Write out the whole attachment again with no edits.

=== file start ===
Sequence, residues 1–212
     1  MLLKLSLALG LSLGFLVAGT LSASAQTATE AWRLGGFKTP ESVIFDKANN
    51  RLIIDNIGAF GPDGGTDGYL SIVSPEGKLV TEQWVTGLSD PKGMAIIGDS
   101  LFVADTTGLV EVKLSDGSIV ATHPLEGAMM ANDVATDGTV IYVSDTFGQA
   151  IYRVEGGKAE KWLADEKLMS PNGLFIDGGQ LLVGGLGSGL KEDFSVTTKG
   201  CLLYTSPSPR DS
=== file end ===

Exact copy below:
Sequence, residues 1–212
     1  MLLKLSLALG LSLGFLVAGT LSASAQTATE AWRLGGFKTP ESVIFDKANN
    51  RLIIDNIGAF GPDGGTDGYL SIVSPEGKLV TEQWVTGLSD PKGMAIIGDS
   101  LFVADTTGLV EVKLSDGSIV ATHPLEGAMM ANDVATDGTV IYVSDTFGQA
   151  IYRVEGGKAE KWLADEKLMS PNGLFIDGGQ LLVGGLGSGL KEDFSVTTKG
   201  CLLYTSPSPR DS